2011 and end our sole reliance on the Russian Soyuz for trips to space. 



But NASA’s last contracted Soyuz astronaut seat is set for liftoff
in July.



And fears are growing that neither of the private providers will
be ready to launch NASA astronauts.



“The uncrewed
flight tests are a great dry run for not only our hardware, but for our team to
get ready for our crewed flight tests,” said Kathy Lueders, Commercial Crew
Program manager, in a statement. 



“NASA has
been working together with SpaceX and Boeing to make sure we are ready to
conduct these test flights and get ready to learn critical information that
will further help us to fly our crews safely. We always learn from tests.”

Boeing’s CST-100 Starliner
manufacture

The unpiloted test flights represent just the first step.


“There still
are many critical steps to complete before launch and while we eagerly are
anticipating these launches, we will step through our test flight preparations
and readiness reviews,” said Lueders. 



“We are
excited about seeing the hardware we have followed through development,
integration, and ground testing move into flight.”



Next up for both are the maiden crewed flight with astronauts for
both firms – if all goes well.



Launch targets have slipped for these as well. 



The crewed SpaceX Demo-2 mission is slated for liftoff in  July 2019 with a two NASA astronauts;  Robert Behnken and Douglas HurleyThat’s delayed about a month from June.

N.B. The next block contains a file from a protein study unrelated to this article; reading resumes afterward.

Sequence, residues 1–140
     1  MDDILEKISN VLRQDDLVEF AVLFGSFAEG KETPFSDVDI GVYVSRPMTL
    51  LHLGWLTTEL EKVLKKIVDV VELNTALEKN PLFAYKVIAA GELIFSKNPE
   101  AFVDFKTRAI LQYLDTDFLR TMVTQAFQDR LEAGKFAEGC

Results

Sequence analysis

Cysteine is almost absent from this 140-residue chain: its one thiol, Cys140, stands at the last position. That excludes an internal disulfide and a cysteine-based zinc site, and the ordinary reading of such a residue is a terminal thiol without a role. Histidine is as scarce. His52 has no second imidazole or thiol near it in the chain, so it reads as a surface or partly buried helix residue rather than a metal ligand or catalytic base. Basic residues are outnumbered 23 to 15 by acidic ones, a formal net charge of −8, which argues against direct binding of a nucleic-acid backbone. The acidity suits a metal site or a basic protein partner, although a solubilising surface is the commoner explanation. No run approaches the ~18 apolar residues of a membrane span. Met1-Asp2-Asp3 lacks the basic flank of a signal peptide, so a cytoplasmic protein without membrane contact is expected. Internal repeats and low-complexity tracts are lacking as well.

The crewed Boeing Crew Flight Test mission is slated for liftoff  NET August 2019 with a trio of astronauts whose
makeup was recently changed –as we reported here.  



Veteran NASA astronaut Eric Boe has been pulled from the maiden
test flight of Boeing’s Starliner commercial crew mission.



Another veteran NASA Astronaut Mike Fincke has been assigned in
place of Boe.



“Boe is unable to fly due to medical reasons,” NASA announced in a
statement. 



“NASA astronaut E. Michael
“Mike” Fincke
has been added to the crew of the Boeing CST-100
Starliner’s Crew Flight Test, scheduled to launch later this year,” NASA said. 

Hull of the Boeing
CST-100 Starliner Structural Test Article (STA)- the first Starliner to be
built in the company’s modernized Commercial Crew and Cargo Processing Facility
high bay at NASA’s Kennedy Space Center in Florida. Credit: Ken
Kremer/kenkremer.com/spaceupclose.com

Watch for Ken’s continuing onsite coverage of NASA, SpaceX, ULA,
Boeing, Lockheed Martin, Orbital ATK and more space and mission reports direct
from the Kennedy Space Center, Cape Canaveral Air Force Station, Florida and
Wallops Flight Facility, Virginia.



Stay tuned here for Ken’s continuing Earth and Planetary science and human
spaceflight news: www.kenkremer.com
–www.spaceupclose.com – twitter @ken_kremer – email: ken at kenkremer.com



Dr. Kremer is a research scientist and journalist based in the
KSC area.



………….


Ken’s photos are for sale and he is available for lectures and outreach events

Ken Kremer

Watch for Ken’s continuing onsite coverage of NASA, SpaceX, ULA, Boeing, Lockheed Martin, Northrop Grumman and more space and mission reports direct from Kennedy Space Center and Cape Canaveral Air Force Station in Florida and Wallops Flight Facility in Virginia. Stay tuned here for Ken's continuing Earth and Planetary science and human spaceflight news. Dr. Kremer is a research scientist and journalist based in the KSC area, active in outreach and interviewed regularly on TV and radio about space topics. Ken’s photos are for sale and he is available for lectures and outreach events.